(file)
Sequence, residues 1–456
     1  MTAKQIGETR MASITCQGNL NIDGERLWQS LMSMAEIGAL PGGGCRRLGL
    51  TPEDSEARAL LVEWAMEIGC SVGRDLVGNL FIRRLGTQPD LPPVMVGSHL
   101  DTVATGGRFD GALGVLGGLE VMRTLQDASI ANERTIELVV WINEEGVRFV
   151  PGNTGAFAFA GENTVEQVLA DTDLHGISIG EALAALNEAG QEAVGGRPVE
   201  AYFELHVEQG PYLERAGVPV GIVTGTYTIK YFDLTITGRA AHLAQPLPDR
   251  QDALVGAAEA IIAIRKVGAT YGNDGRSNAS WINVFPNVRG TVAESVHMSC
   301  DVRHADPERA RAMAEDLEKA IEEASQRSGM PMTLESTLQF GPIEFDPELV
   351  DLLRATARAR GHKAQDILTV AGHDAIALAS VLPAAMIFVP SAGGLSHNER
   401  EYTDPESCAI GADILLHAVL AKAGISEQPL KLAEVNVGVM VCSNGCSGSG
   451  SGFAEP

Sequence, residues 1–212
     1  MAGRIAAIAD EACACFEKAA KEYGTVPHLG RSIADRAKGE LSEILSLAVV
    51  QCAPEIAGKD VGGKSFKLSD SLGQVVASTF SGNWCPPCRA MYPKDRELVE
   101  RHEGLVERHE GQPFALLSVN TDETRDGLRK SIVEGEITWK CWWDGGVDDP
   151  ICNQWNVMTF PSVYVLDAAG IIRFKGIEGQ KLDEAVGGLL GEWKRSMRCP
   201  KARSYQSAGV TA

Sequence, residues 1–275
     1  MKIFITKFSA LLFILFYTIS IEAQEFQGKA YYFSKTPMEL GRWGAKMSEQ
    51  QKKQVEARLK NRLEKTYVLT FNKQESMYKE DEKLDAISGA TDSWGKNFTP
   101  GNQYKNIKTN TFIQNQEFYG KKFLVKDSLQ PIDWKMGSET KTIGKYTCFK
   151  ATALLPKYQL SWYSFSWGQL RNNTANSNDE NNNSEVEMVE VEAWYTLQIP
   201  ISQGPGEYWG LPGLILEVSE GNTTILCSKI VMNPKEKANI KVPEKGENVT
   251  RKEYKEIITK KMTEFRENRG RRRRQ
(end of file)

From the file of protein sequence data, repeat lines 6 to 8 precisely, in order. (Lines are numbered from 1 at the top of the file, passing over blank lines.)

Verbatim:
   201  AYFELHVEQG PYLERAGVPV GIVTGTYTIK YFDLTITGRA AHLAQPLPDR
   251  QDALVGAAEA IIAIRKVGAT YGNDGRSNAS WINVFPNVRG TVAESVHMSC
   301  DVRHADPERA RAMAEDLEKA IEEASQRSGM PMTLESTLQF GPIEFDPELV